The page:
Practicing economics without a license

re "State needs referendums to aid recovery" (The Fort Collins Coloradoan, 9/29/05) To the Editors: If an economist performed surgery on a patient, he would go to jail for practicing medicine without a license. Yet voters tolerate doctors (or veterinarians) practicing economics without a clue. And while the fake doctor can certainly hurt a patient, legislators hurt millions of Coloradoans at once. State Senator Steve Johnson gives us a perfect example with his misdiagnosis of the state as “in trouble”. By what standard are we in trouble? Colorado is in the top few states in technology job creation, above the national average in increase in standard of living (only since TABOR passed), and has had an increased state budget every year, including during the recession. Senator Johnson intentionally misleads voters by talking only about the General Fund which did decline, but which was more than made up for by other state government revenues, leading to higher government spending every year. To follow up calling this very health patient sick, he then prescribes poison in the form of the massive and permanent tax increase contained in Referendum C. The reason Colorado is doing well is precisely because we have avoided the huge increases in taxation and the size of government that have bedeviled states like California. You wouldn’t allow an economist to prescribe arsenic to a healthy person, and you shouldn’t allow Senator Johnson to prescribe taxes to a healthy economy. I will be debating Senator Johnson about Referenda C and D at the Larimer County Republican breakfast club on Monday, October 3rd. The club meets from 7 AM to 8:30 AM at the Cottonwood Club, 6831 S. College Ave. I encourage all interested parties to attend. Ross G Kaminsky is a Regional Coordinator for the Colorado Club for Growth
  • realist
    Comment from: realist
    10/01/05 @ 06:09:36 am

    colorado is in trouble, but i don't see how raising taxes will help the situation. colorado has the highest foreclosure rate in the nation, and those foreclosures are increasing. remember the r.t.c. days?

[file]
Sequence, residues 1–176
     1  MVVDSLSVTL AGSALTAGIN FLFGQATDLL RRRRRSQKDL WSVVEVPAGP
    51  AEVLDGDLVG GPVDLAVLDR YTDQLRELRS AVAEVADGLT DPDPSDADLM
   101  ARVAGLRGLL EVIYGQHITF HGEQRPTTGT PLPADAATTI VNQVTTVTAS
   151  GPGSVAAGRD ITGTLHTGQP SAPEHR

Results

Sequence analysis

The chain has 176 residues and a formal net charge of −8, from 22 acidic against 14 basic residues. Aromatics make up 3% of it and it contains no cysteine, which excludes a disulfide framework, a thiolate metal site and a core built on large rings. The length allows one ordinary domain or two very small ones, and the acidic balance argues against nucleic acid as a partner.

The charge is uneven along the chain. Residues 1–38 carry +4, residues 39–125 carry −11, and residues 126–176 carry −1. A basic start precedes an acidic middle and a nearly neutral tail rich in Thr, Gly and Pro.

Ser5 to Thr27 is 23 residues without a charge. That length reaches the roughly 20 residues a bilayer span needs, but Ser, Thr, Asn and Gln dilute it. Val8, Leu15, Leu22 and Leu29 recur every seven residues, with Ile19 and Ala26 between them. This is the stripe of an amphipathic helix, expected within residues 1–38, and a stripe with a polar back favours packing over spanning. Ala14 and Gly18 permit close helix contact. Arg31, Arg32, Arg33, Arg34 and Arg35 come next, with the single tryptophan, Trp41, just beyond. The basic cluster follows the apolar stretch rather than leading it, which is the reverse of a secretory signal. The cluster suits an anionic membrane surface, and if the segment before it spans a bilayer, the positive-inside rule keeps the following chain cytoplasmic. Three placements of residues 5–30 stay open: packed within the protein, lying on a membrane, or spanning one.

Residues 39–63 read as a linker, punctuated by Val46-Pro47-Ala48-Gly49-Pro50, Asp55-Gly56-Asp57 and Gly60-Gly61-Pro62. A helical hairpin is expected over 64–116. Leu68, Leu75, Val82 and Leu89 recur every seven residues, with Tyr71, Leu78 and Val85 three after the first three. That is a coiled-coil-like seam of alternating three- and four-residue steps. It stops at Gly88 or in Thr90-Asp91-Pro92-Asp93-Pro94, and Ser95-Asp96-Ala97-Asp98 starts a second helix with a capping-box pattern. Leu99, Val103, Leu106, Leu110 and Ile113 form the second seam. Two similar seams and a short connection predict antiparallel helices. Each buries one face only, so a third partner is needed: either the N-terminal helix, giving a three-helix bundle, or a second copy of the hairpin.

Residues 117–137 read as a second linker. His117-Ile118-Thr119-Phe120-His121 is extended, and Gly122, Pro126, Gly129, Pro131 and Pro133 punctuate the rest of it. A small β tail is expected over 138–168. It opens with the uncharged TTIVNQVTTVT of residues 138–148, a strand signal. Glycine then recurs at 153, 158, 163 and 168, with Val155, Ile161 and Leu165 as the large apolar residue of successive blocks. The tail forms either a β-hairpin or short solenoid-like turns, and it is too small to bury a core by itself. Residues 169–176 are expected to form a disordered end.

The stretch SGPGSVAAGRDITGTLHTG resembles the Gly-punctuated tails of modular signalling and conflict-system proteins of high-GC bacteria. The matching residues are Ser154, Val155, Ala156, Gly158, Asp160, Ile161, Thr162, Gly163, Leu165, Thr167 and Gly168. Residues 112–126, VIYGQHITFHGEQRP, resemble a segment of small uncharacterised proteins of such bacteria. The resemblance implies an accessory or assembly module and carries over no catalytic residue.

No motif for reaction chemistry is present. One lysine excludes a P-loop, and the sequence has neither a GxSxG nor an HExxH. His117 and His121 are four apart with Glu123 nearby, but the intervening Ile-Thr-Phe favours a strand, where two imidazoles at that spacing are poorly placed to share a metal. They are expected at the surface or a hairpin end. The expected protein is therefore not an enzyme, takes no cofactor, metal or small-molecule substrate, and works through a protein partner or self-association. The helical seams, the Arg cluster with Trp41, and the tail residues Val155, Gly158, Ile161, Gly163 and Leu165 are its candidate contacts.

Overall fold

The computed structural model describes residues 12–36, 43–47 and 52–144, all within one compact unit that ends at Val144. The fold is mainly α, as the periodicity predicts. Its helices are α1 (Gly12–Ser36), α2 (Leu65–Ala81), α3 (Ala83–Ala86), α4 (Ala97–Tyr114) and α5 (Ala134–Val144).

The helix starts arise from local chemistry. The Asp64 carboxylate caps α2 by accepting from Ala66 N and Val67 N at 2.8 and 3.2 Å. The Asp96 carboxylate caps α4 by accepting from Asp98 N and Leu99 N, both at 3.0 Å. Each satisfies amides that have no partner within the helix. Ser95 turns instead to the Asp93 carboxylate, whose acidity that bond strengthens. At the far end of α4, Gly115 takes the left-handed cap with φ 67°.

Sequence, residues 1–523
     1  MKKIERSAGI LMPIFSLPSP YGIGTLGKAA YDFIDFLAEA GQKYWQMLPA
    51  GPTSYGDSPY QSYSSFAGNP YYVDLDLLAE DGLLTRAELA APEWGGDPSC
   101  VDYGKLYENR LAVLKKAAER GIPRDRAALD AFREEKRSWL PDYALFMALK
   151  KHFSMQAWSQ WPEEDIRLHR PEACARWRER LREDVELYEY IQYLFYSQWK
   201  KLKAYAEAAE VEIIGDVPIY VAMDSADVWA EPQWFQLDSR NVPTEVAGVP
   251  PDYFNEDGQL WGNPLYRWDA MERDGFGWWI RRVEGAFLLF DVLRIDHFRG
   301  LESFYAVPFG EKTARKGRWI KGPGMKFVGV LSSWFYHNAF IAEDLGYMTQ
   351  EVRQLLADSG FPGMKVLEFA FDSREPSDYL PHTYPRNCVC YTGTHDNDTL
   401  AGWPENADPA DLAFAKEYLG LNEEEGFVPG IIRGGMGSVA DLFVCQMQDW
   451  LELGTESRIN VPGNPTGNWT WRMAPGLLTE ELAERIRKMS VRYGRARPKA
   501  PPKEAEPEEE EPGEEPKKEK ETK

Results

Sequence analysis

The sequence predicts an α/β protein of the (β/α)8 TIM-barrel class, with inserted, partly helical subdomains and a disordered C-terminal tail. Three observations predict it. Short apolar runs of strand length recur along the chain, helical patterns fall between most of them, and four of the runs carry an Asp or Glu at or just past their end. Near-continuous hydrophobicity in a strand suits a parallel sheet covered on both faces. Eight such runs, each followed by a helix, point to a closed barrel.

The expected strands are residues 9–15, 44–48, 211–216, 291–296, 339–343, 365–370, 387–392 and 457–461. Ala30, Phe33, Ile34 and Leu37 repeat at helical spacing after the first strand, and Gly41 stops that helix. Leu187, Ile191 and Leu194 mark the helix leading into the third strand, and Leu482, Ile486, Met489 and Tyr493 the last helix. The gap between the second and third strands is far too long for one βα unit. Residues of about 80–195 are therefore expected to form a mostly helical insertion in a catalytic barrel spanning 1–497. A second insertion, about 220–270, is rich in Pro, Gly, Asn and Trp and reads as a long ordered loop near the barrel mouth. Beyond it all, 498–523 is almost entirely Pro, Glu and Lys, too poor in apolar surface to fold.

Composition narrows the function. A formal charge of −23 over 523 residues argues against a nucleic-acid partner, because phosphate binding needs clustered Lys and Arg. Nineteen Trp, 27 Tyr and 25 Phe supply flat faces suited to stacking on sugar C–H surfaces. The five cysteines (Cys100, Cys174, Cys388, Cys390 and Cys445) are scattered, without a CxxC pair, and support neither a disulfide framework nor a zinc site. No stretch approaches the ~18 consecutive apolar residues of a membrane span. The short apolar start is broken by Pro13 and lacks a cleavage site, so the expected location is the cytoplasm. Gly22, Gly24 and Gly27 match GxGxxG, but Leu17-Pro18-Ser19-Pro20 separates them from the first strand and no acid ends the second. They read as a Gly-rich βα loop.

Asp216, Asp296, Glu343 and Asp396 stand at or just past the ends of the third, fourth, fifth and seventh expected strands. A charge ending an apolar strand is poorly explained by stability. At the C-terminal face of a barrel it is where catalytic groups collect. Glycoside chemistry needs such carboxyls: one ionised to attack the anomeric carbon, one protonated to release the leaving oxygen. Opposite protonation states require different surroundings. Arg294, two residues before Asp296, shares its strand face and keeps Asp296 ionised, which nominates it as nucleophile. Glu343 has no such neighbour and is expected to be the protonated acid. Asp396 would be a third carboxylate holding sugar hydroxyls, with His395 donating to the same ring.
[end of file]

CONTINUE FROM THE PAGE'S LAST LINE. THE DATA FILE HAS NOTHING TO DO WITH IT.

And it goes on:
• ImJustAvg
    Comment from: ImJustAvg
    10/12/05 @ 09:11:28 am

    With all the for and against ads on TV, people are really getting confused. The Fors: 1. Say it is not a tax increase (but if the money was to be refunded to the tax payers, isn't it the same thing)! 2. A former senator says there will be no money in the general fund for higher education in the next decade (doesn't ref C last five years, not ten?). 3. All the for ads say the blue book says this or says that, but no where do they say WHERE the taxpayer can get a blue book. 4. The elderly are targeted for decreased spending if Ref C does not pass, but we have had Tabor since 1992, so why is it just now that it is an issue. 5. An ad says that a report will be written once a year on how the money was SPENT, not how it will be spent in the coming year! 6. And so many more discrepancies. The AGAINST: 1. Some of their ads are rediculous - they act like their target is the three year old child. 2. They say $3,200, the fors say $419 - neither side really convinves me on the correct number. While at this point I do not support Ref C (who likes tax increases), and I hope it does not pass, I would support a compromise on this. Why not let the government put the excess in an interest bearing account for three years and then start refunding the principal a year at a time? While it would not be the three billion the government wants, it would be an additional source of income that could go to the general fund.

  • Comment from: Rossputin
    10/12/05 @ 07:58:32 pm

    While I oppose any increase in the size of government, as a political realist I probably would have to go along with some sort of compromise, but it would have to include substantial changes to Amendment 23 at the same time as any tweaking of TABOR. If you read Governor Owens' State of the State address from 2004, he said the exact same thing...yet here we are with him supporting the biggest tax increase in the state's history. On the purely political side of all this, a lot of confusion probably hurts Referendum C's chance of passing so if lots of people are confused, I guess I can't be too unhappy about it.